2023 ICD-10-CM Diagnosis Code G91.9
2023 ICD-10-CM Diagnosis Code G91.9
2016 2017 2018 2019 2020 2021 2022 2023 Billable/Specific Code
- G91.9 is a billable/specific ICD-10-CM code that can be used to indicate a diagnosis for reimbursement purposes.
- The 2023 edition of ICD-10-CM G91.9 became effective on October 1, 2022.
- This is the American ICD-10-CM version of G91.9 - other international versions of ICD-10 G91.9 may differ.
The following code(s) above G91.9
contain annotation back-references
In this context, annotation back-references refer to codes that contain:
- Applicable To annotations, or
- Code Also annotations, or
- Code First annotations, or
- Excludes1 annotations, or
- Excludes2 annotations, or
- Includes annotations, or
- Note annotations, or
- Use Additional annotations
that may be applicable to G91.9
- Acquired hydrocephalus
- Hydrocephalus, acquired
ICD-10-CM G91.9 is grouped within Diagnostic Related Group(s) (MS-DRG v40.0):
- (hye-dro-sef-uh-lus) the abnormal buildup of cerebrospinal fluid in the ventricles of the brain.
- A disorder characterized by an abnormal increase of cerebrospinal fluid in the ventricles of the brain.
- Excessive accumulation of cerebrospinal fluid within the cranium which may be a congenital or acquired disorder; hydrocephalus ex-vacuo refers to ventricular dilation that occurs as a result of brain substance loss from cerebral infarction and other conditions.
- Excessive accumulation of cerebrospinal fluid within the cranium which may be associated with dilation of cerebral ventricles, intracranial hypertension; headache; lethargy; urinary incontinence; and ataxia.
- Excessive gathering of cerebrospinal fluid within the head bone
- Hydrocephalus is the buildup of too much cerebrospinal fluid in the brain. Normally, this fluid cushions your brain. When you have too much, though, it puts harmful pressure on your brain.there are two kinds of hydrocephalus. Congenital hydrocephalus is present at birth. Causes include genetic problems and problems with how the fetus develops. An unusually large head is the main sign of congenital hydrocephalus. Acquired hydrocephalus can occur at any age. Causes can include head injuries, strokes, infections, tumors and bleeding in the brain. Symptoms of acquired hydrocephalus can include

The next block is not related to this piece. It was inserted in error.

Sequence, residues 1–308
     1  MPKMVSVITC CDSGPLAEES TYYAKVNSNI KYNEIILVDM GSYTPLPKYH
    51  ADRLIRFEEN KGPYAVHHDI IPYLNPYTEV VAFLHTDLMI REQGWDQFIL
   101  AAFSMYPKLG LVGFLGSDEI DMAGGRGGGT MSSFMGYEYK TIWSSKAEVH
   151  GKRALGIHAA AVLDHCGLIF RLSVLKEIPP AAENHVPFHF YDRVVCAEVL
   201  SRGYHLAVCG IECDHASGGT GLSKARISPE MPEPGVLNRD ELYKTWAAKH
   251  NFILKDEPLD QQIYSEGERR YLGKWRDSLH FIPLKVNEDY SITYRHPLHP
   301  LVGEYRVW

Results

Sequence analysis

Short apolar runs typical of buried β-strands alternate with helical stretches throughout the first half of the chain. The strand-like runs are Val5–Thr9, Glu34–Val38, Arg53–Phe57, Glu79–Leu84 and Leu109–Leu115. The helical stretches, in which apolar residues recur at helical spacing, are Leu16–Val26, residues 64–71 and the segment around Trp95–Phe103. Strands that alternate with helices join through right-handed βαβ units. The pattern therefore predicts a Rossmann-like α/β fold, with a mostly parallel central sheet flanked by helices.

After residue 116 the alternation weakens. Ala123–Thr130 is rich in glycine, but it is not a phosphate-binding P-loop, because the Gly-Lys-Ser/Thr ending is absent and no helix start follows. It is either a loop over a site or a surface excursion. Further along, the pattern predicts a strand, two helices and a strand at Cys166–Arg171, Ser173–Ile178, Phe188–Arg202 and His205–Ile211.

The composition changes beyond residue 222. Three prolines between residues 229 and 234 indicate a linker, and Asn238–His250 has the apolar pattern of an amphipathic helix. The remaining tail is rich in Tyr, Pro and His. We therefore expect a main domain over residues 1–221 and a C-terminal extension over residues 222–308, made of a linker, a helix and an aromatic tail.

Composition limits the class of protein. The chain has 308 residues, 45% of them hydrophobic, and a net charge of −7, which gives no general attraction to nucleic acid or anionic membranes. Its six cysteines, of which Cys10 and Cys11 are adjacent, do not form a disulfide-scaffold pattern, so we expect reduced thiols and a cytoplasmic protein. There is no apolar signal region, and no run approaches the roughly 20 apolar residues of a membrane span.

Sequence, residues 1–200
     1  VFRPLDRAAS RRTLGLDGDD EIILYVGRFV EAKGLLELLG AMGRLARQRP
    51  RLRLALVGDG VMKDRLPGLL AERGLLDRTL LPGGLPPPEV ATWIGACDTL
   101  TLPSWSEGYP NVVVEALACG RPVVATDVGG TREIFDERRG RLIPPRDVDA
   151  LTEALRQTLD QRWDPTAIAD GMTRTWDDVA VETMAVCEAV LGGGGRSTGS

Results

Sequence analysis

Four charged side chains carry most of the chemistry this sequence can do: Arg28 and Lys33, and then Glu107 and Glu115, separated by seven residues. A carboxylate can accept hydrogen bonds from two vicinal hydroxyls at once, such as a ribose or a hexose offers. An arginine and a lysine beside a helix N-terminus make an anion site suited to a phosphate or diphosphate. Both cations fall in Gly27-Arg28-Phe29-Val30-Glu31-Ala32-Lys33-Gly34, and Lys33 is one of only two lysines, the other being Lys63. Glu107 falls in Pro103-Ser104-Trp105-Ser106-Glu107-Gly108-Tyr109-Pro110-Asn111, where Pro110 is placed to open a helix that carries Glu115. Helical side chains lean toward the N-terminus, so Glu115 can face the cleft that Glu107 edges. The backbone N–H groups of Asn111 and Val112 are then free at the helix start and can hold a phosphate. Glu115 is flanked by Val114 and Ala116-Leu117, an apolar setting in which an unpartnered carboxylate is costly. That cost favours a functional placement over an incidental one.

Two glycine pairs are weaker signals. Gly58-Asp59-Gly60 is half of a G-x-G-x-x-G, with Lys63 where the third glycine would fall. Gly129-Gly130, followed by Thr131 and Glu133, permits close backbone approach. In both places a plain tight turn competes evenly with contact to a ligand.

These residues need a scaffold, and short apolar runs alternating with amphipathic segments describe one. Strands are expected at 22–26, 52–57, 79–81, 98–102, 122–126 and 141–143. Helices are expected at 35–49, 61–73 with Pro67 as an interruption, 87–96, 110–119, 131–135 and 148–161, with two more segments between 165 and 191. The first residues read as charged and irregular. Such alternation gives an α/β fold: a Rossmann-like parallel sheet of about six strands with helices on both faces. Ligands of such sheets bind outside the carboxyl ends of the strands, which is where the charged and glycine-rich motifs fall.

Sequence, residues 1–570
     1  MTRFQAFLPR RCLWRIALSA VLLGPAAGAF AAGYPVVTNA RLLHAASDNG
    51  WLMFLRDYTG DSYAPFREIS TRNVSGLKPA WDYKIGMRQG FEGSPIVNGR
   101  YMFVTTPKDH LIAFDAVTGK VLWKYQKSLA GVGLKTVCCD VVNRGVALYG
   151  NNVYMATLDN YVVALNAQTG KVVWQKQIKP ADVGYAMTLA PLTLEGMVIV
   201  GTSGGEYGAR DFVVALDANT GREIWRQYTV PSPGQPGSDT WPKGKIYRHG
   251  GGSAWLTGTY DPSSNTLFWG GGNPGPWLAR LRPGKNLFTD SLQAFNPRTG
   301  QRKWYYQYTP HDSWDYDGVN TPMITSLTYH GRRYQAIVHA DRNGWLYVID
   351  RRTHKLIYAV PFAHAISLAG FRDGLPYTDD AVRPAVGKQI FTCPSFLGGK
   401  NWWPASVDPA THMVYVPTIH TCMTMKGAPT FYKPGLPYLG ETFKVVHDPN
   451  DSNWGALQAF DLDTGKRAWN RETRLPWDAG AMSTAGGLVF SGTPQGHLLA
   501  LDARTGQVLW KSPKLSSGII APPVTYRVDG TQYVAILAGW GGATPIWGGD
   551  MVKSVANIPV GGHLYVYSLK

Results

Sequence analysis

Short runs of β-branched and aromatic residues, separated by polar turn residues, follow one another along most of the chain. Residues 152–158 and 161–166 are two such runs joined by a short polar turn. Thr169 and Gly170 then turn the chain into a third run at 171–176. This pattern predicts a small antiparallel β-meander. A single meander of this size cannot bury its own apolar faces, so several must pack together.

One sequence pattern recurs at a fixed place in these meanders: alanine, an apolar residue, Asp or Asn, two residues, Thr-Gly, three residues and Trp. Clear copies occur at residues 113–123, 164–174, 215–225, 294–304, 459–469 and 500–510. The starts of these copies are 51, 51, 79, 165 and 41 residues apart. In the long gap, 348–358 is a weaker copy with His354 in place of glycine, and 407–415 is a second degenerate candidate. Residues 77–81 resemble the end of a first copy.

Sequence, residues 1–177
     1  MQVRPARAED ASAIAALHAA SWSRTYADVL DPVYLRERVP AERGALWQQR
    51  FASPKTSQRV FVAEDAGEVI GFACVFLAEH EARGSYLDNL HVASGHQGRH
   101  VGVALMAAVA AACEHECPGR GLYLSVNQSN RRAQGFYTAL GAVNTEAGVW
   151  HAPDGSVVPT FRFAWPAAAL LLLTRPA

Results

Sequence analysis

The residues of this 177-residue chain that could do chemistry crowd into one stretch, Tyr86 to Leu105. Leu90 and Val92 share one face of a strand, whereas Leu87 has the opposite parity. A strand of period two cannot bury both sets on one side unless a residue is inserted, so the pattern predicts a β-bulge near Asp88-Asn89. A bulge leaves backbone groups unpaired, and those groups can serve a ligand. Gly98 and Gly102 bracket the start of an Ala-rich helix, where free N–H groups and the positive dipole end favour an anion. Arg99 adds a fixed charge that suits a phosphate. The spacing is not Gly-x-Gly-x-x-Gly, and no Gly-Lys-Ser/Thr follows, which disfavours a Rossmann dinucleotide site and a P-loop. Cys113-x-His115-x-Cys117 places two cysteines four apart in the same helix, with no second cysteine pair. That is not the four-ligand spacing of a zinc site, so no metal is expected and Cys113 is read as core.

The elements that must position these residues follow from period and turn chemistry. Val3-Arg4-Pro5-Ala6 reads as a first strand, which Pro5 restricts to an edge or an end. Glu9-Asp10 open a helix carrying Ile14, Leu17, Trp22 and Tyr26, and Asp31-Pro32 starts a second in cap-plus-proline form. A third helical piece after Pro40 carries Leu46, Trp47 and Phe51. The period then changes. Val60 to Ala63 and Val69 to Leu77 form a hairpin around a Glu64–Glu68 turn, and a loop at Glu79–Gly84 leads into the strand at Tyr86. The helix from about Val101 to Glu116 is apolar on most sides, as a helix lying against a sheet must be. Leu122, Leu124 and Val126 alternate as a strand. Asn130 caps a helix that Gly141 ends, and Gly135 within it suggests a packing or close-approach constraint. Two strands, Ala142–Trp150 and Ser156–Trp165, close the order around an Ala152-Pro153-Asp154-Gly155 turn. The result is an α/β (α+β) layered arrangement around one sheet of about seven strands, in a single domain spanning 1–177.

hydrocephalus can permanently damage the brain, causing problems with physical and mental development. If untreated, it is usually fatal. With treatment, many people lead normal lives with few limitations. Treatment usually involves surgery to insert a shunt. Medicine and rehabilitation therapy can also help.
- vomiting and nausea
- blurry vision
- balance problems
- bladder control problems
- thinking and memory problems
- The abnormal buildup of cerebrospinal fluid in the ventricles of the brain.
- 056 Degenerative nervous system disorders with mcc
- 057 Degenerative nervous system disorders without mcc
Convert G91.9 to ICD-9-CM
- 2016 (effective 10/1/2015): New code (first year of non-draft ICD-10-CM)
- 2017 (effective 10/1/2016): No change
- 2018 (effective 10/1/2017): No change
- 2019 (effective 10/1/2018): No change
- 2020 (effective 10/1/2019): No change
- 2021 (effective 10/1/2020): No change
- 2022 (effective 10/1/2021): No change
- 2023 (effective 10/1/2022): No change
- Hydrocephalus (acquired) (external) (internal) (malignant) (recurrent) G91.9
ICD-10-CM Codes Adjacent To G91.9
Other disorders of autonomic nervous system
Disorder of the autonomic nervous system, unspecified
Postural orthostatic tachycardia syndrome [POTS]
(Idiopathic) normal pressure hydrocephalus
Post-traumatic hydrocephalus, unspecified
Hydrocephalus in diseases classified elsewhere
Immune effector cell-associated neurotoxicity syndrome
Other toxic encephalopathy
Unspecified toxic encephalopathy
Reimbursement claims with a date of service on or after October 1, 2015 require the use of ICD-10-CM codes.